The cost of a magazine ad varies greatly depending on circulation, readership, and topic, but it is generally much higher than the cost of a newspaper ad. A small ad in a magazine with limited color and features can cost anywhere from several hundred to several thousand dollars. Larger ads in full color with a glossy finish can be quite costly, but the visual impact is far greater than with newspaper ads.
Legal aspects of newspapers and magazines advertising Law
If you want to create an advertisement for publication in a newspaper or magazine – or most other forms of communication that do not involve TV or radio – you must follow certain rules regarding everything from age appropriateness to potential offense.
The Advertising Standards Authority (ASA) enforces the UK Code of Non-broadcast Advertising, Sales Promotion, and Direct Marketing (CAP Code), which you can read in full here. The ASA has the authority to ban or request changes to any advertisements that violate the rules. The CAP Code contains the following sections:
- Any product claims must be true, and benefits should not be exaggerated. Important information that is likely to influence a person’s decision to purchase goods or services should be stated clearly and unambiguously.
- In general, non-broadcast advertising “must not contain anything likely to cause serious or widespread offence.” It is especially important to “avoid causing offence related to age, disability, gender, gender reassignment, marriage and civil partnership, pregnancy and maternity, political opinions, race, religion or belief, sex, and sexual orientation.” If in doubt, consult with an industry expert to determine the best course of action.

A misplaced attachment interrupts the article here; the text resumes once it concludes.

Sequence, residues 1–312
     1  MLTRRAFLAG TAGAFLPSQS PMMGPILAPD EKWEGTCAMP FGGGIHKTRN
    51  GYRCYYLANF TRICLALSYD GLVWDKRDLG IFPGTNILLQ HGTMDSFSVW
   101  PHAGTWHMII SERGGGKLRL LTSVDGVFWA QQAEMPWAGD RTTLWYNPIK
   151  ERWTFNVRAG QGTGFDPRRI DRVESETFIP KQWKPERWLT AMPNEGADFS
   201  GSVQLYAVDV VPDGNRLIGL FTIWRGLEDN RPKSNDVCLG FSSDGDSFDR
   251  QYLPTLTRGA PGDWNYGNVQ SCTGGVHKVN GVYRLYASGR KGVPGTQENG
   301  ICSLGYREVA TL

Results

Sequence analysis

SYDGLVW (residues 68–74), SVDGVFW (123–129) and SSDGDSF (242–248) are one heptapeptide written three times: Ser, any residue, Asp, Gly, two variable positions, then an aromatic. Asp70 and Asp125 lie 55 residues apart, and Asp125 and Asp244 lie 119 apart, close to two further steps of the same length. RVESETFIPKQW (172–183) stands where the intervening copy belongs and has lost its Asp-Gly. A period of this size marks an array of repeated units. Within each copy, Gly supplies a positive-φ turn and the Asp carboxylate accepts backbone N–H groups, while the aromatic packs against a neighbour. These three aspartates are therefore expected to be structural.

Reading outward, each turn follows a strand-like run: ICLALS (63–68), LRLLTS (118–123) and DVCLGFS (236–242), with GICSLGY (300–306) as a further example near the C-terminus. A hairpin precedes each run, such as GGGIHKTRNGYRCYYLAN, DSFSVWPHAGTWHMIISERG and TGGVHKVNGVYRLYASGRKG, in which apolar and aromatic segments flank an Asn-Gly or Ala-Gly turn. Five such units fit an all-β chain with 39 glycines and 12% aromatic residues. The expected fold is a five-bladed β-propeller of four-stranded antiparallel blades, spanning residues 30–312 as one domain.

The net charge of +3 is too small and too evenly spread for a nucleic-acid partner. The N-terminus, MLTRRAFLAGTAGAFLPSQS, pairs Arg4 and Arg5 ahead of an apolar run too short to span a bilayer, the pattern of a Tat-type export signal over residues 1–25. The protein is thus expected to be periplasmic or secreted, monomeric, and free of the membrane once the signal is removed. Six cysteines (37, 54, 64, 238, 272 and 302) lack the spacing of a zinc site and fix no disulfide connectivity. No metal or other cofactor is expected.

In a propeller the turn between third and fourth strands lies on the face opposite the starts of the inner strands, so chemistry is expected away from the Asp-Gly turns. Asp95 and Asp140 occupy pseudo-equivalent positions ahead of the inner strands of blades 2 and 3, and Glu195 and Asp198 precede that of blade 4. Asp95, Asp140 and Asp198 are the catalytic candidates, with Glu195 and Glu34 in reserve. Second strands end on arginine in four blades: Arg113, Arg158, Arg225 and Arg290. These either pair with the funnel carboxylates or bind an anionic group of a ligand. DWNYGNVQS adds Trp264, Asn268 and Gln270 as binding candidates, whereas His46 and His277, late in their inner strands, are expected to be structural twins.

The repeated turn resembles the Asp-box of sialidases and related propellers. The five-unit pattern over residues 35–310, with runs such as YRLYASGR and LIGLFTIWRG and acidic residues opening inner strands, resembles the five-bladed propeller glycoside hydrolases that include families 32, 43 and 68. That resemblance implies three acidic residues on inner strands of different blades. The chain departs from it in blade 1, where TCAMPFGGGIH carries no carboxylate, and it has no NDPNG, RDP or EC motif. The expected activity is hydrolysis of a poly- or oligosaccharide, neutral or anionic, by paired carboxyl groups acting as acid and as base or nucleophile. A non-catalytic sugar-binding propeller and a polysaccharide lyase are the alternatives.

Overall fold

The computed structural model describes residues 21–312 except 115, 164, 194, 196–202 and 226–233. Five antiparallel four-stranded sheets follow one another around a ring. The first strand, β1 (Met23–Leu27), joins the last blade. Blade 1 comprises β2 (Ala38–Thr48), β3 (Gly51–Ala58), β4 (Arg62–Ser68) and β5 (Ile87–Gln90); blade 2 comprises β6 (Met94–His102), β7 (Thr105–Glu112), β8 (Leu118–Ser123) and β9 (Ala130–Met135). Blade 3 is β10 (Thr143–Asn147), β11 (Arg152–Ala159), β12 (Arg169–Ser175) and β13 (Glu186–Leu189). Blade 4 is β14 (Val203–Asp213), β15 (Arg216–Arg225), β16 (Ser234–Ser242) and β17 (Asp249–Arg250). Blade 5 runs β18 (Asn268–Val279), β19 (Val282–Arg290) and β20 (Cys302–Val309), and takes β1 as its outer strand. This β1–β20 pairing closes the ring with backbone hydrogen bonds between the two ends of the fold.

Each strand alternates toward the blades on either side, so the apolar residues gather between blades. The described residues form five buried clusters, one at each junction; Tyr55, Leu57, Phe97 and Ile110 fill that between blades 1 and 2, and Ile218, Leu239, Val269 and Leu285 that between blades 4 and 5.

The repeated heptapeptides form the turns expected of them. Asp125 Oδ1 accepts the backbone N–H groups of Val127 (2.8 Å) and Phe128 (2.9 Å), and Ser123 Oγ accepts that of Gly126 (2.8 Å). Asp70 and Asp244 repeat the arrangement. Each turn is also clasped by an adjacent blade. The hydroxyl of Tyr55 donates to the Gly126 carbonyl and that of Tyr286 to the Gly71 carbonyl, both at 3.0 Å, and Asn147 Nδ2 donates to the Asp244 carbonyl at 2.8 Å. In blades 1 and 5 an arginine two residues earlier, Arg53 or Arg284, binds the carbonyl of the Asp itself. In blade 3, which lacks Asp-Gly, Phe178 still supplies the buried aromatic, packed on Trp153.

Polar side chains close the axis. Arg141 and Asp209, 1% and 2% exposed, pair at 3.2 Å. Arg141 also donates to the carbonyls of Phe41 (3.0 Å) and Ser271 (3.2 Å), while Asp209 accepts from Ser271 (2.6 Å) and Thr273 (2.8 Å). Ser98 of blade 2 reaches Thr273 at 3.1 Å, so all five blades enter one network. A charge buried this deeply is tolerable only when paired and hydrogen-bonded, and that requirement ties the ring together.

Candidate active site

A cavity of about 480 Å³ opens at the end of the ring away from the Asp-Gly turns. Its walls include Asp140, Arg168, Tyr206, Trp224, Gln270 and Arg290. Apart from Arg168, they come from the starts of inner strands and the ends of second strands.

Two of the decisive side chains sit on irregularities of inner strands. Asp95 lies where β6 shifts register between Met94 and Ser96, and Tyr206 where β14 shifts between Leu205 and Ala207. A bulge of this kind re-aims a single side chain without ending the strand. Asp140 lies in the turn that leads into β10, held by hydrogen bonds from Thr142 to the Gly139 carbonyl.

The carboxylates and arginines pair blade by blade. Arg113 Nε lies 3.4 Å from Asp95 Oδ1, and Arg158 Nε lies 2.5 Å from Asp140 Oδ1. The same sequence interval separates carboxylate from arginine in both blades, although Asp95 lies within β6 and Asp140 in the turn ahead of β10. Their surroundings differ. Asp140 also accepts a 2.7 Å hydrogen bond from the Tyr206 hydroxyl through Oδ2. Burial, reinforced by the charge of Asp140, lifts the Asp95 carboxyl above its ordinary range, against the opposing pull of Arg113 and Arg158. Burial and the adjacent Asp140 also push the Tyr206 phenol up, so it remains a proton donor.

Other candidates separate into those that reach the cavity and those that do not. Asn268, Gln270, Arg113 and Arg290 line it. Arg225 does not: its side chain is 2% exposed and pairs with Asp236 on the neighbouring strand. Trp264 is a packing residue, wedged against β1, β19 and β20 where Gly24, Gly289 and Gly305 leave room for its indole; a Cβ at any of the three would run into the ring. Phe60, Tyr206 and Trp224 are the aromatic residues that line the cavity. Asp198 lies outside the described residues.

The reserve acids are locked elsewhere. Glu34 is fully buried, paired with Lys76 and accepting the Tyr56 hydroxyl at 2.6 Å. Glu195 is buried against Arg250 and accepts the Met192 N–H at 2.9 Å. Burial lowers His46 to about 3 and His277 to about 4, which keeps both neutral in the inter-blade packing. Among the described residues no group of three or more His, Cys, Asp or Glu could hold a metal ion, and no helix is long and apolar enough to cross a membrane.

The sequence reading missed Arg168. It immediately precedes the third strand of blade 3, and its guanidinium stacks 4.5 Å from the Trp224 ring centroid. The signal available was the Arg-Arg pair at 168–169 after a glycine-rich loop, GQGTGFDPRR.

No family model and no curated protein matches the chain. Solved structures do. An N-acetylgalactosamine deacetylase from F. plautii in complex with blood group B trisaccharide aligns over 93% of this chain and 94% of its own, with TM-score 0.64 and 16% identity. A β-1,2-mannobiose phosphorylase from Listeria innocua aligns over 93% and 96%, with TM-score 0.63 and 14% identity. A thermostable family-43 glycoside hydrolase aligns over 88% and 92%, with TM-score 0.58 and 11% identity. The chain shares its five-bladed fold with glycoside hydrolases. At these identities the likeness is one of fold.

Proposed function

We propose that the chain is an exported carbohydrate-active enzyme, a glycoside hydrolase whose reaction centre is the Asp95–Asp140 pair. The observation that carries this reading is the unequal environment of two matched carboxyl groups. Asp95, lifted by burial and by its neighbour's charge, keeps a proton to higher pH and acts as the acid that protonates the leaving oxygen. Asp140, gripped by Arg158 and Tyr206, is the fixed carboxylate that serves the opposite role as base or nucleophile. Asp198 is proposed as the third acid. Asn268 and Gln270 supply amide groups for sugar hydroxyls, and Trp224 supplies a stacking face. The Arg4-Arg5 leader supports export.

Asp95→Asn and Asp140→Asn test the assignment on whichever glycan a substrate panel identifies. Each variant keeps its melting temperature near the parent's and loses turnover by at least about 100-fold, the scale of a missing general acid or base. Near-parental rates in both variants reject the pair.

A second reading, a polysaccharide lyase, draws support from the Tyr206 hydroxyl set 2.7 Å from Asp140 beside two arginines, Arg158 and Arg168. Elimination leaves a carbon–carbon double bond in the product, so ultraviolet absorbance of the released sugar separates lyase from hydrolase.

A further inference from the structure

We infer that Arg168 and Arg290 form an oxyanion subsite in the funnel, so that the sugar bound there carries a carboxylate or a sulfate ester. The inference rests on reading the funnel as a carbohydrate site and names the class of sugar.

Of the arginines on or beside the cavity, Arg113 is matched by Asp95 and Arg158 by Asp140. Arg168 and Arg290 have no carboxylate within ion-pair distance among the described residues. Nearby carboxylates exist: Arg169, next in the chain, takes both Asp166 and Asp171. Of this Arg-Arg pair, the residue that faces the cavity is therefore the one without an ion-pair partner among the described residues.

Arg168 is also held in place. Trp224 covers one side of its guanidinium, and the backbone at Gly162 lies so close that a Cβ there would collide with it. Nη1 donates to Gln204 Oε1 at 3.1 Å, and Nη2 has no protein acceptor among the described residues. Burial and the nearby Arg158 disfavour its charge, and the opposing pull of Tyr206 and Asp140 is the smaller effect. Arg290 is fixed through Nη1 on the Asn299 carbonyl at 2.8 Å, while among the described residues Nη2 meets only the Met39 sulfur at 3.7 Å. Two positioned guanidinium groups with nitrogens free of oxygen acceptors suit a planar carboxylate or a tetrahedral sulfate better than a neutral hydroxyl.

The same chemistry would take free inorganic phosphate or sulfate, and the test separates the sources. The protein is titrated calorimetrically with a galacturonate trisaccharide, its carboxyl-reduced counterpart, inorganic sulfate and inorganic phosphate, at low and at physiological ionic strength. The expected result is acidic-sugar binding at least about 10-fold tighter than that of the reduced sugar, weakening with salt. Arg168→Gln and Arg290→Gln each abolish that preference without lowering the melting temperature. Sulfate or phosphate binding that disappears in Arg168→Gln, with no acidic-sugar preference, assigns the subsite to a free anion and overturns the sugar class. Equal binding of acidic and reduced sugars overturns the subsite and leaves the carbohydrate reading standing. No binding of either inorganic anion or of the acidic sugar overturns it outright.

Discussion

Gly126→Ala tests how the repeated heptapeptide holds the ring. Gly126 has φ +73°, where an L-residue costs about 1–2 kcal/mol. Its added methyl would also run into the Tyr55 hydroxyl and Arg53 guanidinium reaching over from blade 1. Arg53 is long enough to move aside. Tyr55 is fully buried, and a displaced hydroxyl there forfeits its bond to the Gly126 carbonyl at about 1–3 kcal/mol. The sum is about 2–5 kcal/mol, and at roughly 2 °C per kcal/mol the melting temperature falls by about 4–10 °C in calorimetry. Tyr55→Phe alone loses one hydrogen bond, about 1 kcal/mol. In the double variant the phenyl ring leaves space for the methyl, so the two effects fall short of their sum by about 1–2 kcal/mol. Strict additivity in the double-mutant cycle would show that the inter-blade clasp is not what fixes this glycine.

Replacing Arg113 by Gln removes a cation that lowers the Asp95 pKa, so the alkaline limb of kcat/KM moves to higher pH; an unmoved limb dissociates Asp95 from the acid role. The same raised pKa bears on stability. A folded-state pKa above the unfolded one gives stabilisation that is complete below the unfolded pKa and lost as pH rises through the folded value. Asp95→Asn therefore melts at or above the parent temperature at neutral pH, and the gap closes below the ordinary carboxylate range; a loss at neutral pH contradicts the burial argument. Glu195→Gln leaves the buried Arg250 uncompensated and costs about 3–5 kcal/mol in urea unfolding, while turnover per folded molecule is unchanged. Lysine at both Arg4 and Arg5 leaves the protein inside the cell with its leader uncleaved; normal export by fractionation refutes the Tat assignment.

- Any marketing communications aimed at children “must contain nothing that is likely to cause them physical, mental, or moral harm.” Furthermore, it should “not take advantage of their trust, loyalty, vulnerability, or lack of experience.”
Advertisements for medical products or involving health claims are subject to extra scrutiny, and any such claims must be supported by sufficient scientific evidence. The appropriate regulatory bodies must have approved medical products.
Because the CAP Code covers direct marketing in non-broadcast communications, it reinforces the data protection rules found on the Information Commissioner’s website here. One of the most important responsibilities is to allow recipients of direct marketing (including mail, email, and text messaging) to opt-out.
Pricing must also be accurate and should follow the Chartered Trading Standards Institute’s Guidance for Traders on Pricing Practices, which can be found here. If you’re advertising products or services, make sure your terms and conditions are compatible with your marketing materials.
Pros & Cons of print ads
Newspaper advertising has long been an effective way for small businesses to reach out to the community in which they operate.
Consider both smaller community newspapers and larger city (or even national) newspapers. If your business is in a small town, advertising in the local community paper makes sense because you will be able to attract the locals who will most likely patronize your store. If your company or service is only available in one section of the newspaper, place your ad in that section.
For example, if you own a sporting goods store, make sure your ad appears in the sports section of the newspaper. The cost of advertising is heavily influenced by readership. As a result, a paper with a large circulation will have higher rates than one with a smaller number of subscribers.